0

I simply want to use thread to print out from 1 to 10. But my code will stop at number 1. input() will provide variable from 1 to 10, while output() will print out them. input() will be executed first and then output(). After that for() will make sure they will start another iteration.

class InputOutput{
    private static int i=0;
    private static boolean ToF=false;

    synchronized void output(){
        try{
            while(!ToF){
                notify();
                wait();
            }
        }
            catch(InterruptedException e){
                e.printStackTrace();
            }
        System.out.println("Output: "+i);
        ToF=false;
        notify();
    }
    synchronized void input(){
        try{
            while(ToF){
                notify();
                wait();
            }
        }
            catch(InterruptedException e){
                e.printStackTrace();
            }
        i++;
        ToF=true;
        notify();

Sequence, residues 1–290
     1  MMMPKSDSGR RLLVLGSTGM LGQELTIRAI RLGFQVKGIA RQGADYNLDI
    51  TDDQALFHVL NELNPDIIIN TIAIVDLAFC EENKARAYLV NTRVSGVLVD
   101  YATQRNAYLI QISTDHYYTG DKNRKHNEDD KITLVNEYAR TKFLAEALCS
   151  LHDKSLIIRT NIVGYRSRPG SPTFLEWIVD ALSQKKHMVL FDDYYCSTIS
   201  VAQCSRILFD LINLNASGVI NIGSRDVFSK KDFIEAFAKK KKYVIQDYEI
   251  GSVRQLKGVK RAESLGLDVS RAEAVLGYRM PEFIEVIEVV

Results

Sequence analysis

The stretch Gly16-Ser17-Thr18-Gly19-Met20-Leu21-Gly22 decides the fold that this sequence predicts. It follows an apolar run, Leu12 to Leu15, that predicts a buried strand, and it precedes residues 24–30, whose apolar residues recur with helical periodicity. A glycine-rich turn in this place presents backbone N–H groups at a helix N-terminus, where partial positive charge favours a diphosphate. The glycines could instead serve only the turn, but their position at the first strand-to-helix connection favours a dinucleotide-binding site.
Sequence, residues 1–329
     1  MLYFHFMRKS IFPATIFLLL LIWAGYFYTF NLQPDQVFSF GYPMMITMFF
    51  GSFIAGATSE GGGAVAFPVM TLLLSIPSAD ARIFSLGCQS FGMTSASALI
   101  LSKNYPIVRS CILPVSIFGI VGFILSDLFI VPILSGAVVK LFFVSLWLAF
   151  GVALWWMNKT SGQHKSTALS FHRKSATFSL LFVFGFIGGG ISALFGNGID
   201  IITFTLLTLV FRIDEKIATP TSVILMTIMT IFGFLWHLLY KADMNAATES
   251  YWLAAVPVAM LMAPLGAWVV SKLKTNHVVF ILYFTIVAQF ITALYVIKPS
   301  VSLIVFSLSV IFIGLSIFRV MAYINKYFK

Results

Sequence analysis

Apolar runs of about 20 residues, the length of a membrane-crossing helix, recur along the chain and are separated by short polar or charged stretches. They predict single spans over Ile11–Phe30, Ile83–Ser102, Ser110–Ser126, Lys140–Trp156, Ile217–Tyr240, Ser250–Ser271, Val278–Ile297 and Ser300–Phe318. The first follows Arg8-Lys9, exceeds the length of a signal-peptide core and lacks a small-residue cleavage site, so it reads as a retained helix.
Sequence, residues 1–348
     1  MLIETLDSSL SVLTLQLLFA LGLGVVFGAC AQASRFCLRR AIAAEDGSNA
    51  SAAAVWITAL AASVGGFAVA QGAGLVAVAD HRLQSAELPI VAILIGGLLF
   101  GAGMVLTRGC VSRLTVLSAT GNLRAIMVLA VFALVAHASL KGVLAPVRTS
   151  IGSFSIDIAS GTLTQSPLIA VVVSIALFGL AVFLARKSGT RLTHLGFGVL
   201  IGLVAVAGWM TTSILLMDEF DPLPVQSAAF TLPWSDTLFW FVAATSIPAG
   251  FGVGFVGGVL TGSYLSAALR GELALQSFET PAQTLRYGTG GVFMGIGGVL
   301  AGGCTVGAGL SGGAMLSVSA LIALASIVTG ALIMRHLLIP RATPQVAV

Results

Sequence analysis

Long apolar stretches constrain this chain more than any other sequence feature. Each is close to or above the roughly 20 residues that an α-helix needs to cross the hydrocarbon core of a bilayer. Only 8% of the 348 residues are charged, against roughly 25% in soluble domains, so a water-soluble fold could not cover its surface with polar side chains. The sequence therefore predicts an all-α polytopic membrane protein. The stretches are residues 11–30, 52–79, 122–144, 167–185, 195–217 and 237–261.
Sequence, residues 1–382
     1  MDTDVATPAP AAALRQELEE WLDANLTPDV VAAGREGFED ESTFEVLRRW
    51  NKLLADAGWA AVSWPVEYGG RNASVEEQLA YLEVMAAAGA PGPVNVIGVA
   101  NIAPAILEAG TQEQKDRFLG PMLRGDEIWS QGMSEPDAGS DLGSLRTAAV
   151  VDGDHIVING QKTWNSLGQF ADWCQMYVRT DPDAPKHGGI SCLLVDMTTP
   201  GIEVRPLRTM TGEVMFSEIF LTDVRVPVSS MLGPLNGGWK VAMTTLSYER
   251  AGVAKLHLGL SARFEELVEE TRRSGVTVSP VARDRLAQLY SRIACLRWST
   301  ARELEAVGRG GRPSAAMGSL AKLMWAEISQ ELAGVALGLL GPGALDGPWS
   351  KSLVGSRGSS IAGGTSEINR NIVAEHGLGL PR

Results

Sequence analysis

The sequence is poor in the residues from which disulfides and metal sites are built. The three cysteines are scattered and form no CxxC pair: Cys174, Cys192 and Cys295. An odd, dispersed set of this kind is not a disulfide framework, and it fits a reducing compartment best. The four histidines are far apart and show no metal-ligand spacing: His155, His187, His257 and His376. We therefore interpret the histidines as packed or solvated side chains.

}
    class input implements Runnable{
    private int i=1;
    InputOutput io=new InputOutput();
    public void run(){
        for(i=1;i<=10;i++)
            io.input();
    }
    }
    class output implements Runnable{
    private int i=1;
    InputOutput io=new InputOutput();
    public void run(){
        for(i=1;i<=10;i++)
            io.output();
    }
    }
    public class Homework07Part3 {

    public static void main(String[] args) {
        Thread t1=new Thread(new input());
        t1.start();
        Thread t2=new Thread(new output());
        t2.start();
    }
}
6
  • 1
    Read about java naming conventions. Class names start UpperCase. And avoid giving the same names to classes and methods. Method names are about verbs; like fetchInput() or pushOutput() or something alike. And: you expect us to spend our time to help you. So you please spend the 1 minute it takes to properly indent/format your code!
    – GhostCat
    May 22 '17 at 13:39
  • 1